On Behalf Of wolfsburg1971
          Sent: Tuesday, May 01, 2007 9:06 AM
          To: PPLetterpress@yahoogroups.com
          Subject: [PPLetterpress] Re: Washout brush not flat



          Upon closer inspection I must have a third party brush - it has no
          holes for screws, and I now see that the stainless frame it sits in
          has six screw holes, four at the corners plus two in the centers of
          the long sides. So, a little drilling and hardware may well force it
          flat to solve the problem. The base is medium gray, 3/8 thick with
          black bristles for what it's worth. Thanks!

          --- In PPLetterpress@ <mailto:PPLetterpress%40yahoogroups.com>
          yahoogroups.com, "Gerald Lange" <Bieler@...> wrote:
          >
          > Jim
          >
          > This is some kind of extreme distortion. Hard to imagine this as those
          > brush bases are made of a fairly thick plastic. I've an A2 and the
          > bases are quite flat and look like they are milled. Is the brush base
          > a stock A&V item or gotten from a third party?
          >
          > I'm wondering if the base framework is sprung somehow? Or is the base
          > missing its center screw hold downs?
          >
          > I guess I'd remove the framework to see if there is some kind of shim
          > in there, though the frame threads aren't enough to permit more than a
          > 1/32 of an inch shim. There should be an expander shim but it would
          > not amount to much more than 1-pt in thickness.
          >
          > I think a possible solution would be to make all the outer screw holes
          > in the base into slots, allowing for some movement. Tighten down from
          > the center outward. And see if that straightens it out.
          >
          > Not sure the oven thing is such a good idea. Might hurt the brushes
          > themselves or weirdly warp the base.
          >
          > Gerald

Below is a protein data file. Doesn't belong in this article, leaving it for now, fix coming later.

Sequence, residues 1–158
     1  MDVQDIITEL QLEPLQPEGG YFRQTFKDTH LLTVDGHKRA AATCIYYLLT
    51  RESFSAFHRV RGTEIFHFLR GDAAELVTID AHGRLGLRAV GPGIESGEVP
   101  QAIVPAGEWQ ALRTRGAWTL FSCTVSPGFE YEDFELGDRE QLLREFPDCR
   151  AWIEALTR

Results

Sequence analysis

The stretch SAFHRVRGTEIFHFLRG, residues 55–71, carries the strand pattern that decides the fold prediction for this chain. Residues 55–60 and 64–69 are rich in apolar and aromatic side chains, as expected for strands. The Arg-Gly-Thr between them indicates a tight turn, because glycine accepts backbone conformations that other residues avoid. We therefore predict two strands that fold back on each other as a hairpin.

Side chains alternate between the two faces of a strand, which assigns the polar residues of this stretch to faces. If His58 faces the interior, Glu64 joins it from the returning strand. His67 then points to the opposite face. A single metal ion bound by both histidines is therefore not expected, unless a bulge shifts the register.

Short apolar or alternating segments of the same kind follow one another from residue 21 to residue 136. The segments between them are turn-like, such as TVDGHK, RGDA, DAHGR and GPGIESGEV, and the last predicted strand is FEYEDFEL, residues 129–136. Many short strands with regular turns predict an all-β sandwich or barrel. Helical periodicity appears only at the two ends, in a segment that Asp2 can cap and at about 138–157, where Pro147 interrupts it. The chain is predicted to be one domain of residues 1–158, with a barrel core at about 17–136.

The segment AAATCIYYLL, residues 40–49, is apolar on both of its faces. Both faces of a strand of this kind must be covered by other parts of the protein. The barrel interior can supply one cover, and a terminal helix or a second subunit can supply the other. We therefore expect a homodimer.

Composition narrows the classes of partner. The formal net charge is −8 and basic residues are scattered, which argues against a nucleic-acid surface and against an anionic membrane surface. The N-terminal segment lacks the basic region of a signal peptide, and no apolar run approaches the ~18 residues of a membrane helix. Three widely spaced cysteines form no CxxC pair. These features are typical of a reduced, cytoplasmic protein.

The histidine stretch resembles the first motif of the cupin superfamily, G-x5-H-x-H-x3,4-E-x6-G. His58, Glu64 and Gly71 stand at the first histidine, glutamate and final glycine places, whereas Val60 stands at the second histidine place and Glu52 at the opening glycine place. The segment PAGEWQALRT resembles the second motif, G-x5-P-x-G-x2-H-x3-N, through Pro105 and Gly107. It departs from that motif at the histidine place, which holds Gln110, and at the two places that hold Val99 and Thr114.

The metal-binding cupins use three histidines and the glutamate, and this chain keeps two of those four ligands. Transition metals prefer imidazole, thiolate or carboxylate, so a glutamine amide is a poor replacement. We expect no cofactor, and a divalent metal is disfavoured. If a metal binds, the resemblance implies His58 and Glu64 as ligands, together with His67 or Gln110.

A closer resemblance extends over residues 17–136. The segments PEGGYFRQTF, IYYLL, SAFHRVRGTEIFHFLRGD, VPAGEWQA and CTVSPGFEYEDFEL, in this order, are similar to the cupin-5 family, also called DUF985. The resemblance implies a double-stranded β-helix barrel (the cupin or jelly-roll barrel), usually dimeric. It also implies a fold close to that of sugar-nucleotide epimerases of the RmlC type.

> http://BielerPress. <http://BielerPress.blogspot.com> blogspot.com






          [Non-text portions of this message have been removed]
        • Gerald Lange
          Jim That is likely a stock replacement brush. They don t come with the holes drilled. Follow the pattern of the frame for drilling but do not drill through the
          Message 4 of 8 , May 1, 2007
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            Jim

            That is likely a stock replacement brush. They don't come with the holes
            drilled. Follow the pattern of the frame for drilling but do not drill
            through the frame as those holes are threaded. The holes drilled into
            the brush should be larger than the frame holes to allow for adjustment.
            Replacement screws should have a wide head. Drill the brush from the
            bristle-less side. You will likely have to drill through some tufts when
            you made the center holes but that is okay.

            Clean the frame well as there is quite likely a lot of photopolymer
            adhered to it. And those screw holes are probably closed by now.
            Muriatic acid will clean it up real quick. Just be careful with that
            stuff. The fumes alone will ghost the plastic coating of your glasses.
            Lysol spray will also soften hardened photopolymer and allow you to
            scrap it away with a rag.

            Gerald
            http://BielerPress.blogspot.com


            > Upon closer inspection I must have a third party brush - it has no
            > holes for screws, and I now see that the stainless frame it sits in
            > has six screw holes, four at the corners plus two in the centers of
            > the long sides. So, a little drilling and hardware may well force it
            > flat to solve the problem. The base is medium gray, 3/8 thick with
            > black bristles for what it's worth. Thanks!
            >
            > --- In PPLetterpress@yahoogroups.com, "Gerald Lange" <Bieler@...> wrote:
            >
            >> Jim
            >>
            >> This is some kind of extreme distortion. Hard to imagine this as those
            >> brush bases are made of a fairly thick plastic. I've an A2 and the
            >> bases are quite flat and look like they are milled. Is the brush base
            >> a stock A&V item or gotten from a third party?
            >>
            >> I'm wondering if the base framework is sprung somehow? Or is the base
            >> missing its center screw hold downs?
            >>
            >> I guess I'd remove the framework to see if there is some kind of shim
            >> in there, though the frame threads aren't enough to permit more than a
            >> 1/32 of an inch shim. There should be an expander shim but it would
            >> not amount to much more than 1-pt in thickness.
            >>
            >> I think a possible solution would be to make all the outer screw holes
            >> in the base into slots, allowing for some movement. Tighten down from